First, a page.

Note to Readers: This post focuses on findings on a study of more than 1,400 adult cancer patients and survivors at the National Comprehensive Cancer Network (NCCN) Annual Conference in Orlando, FL. Below is a post from our research leaders about the significance of their findings for people diagnosed with cancer, their families, and cancer care providers. This release is one of many CSC will do at leading research conferences this year.
By Dr. Alexandra Zaleta, Dr. Joanne Buzaglo, and Shauna McManus
Whether you are familiar with the phrase distress screening or are seeing it for the first time, the results we are sharing will show how important this tool is for patients diagnosed with cancer.
As we know, cancer patients and survivors can experience many physical, social, emotional, and practical challenges after a cancer diagnosis. That’s why our team at CSC’s Research and Training Institute is excited to announce that we have developed a newly enhanced version of a tool called CancerSupportSource® (CSS).
CSS is a distress screening, referral, and follow-up program that is used at CSC affiliates and hospitals nationwide. We have been working hard to continue to improve and strengthen this tool to best support patients and their families.
In addition, the CSS tool is beneficial for providers, as more policies, including those from the Centers for Medicare and Medicaid Services, require that care centers use research-supported tools. That is another advantage to CSS. Changes to CSS are incorporated into the existing tool and do not add burden to patients, survivors, or care providers.
The Impact of Patient Feedback
First, CSS can now be used to identify patients at risk for significant levels of anxiety. We have also enhanced our ability to accurately identify patients at risk for significant levels of depression. While it is common for many people to experience depression and anxiety, it is important to identify those who need an extra level of support.
In our latest research, 43 percent of cancer patients who used the tool were at risk for significant anxiety, and 34 percent were at risk for significant depression. We know that depression and anxiety can be very challenging experiences for people living with cancer. Our tool makes it easier to identify those individuals and connect them to the supportive resources that they need.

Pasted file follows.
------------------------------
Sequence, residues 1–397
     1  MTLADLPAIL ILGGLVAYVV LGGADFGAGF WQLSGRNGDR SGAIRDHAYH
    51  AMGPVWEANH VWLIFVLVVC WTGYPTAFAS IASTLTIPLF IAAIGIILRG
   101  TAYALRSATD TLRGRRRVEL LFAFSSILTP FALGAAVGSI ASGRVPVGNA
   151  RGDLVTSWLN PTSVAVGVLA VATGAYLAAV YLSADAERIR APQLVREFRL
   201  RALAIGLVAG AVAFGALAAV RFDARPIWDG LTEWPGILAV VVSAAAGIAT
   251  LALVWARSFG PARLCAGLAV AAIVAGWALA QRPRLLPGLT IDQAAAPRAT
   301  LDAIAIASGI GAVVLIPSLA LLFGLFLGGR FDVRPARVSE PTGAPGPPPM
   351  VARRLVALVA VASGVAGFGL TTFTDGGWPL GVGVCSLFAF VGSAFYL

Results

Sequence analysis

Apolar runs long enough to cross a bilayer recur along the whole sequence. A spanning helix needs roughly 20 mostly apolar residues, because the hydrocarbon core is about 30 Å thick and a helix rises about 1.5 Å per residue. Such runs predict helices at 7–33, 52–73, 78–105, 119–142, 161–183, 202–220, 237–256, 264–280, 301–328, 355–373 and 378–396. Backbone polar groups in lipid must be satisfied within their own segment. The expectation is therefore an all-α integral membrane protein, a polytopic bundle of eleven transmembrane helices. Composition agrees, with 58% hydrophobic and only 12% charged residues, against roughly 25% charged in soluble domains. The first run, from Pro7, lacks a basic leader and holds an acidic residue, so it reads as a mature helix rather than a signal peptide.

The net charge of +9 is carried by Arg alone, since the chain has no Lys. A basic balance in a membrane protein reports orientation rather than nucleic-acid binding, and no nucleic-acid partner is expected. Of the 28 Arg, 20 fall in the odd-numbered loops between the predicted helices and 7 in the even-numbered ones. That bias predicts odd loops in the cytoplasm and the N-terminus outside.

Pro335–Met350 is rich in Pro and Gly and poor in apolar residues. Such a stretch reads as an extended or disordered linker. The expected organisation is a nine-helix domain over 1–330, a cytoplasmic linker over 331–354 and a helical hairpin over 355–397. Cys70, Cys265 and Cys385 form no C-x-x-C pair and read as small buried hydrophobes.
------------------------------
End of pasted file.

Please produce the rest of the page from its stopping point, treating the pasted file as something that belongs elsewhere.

Second, the tool includes a new item to understand patients’ concerns about thinking and concentration (e.g., what some patients might describe as “chemobrain” or “brain fog”). We know that many people with cancer can experience difficulty with mental focus during and after their treatments. CSS will now help those individuals get the support they need for this concern.
Finally, we know that cancer can affect all aspects of people’s lives. Using sophisticated mathematical analyses such as factor analysis, we confirmed that CSS examines distress in key areas of people’s lives, including: emotional concerns, symptom burden and impact, body and healthy lifestyle concerns, health care communication, and relationship concerns.
By asking about these different areas, we ensure that patients can get meaningful referrals to providers and support services that will be most helpful to their unique needs.
Share Your Experience
At the Cancer Support Community, innovative patient-focused research like CSS are at the heart of what we do. Thus, we can’t do it without insight from patients, and that is why we ask patients, survivors, and caregivers to share their stories by participating in the Cancer Experience Registry, a free, confidential survey that is open to anyone who has been diagnosed with cancer or provides care to someone with cancer.
- Experiences of Melanoma Patients and Caregivers
- Patient Concerns and Quality of Life: First Findings from the Cancer Experience Registry®: Ovarian Cancer
- Melanoma, Stigma, and Mental Health
- Psychosocial Distress and Access to Resources: Preliminary Findings from Immunotherapy & Me
- Masculinity and Perceived Control: How Quality of Life Concerns Affect Psychosocial Distress for Prostate Cancer Patients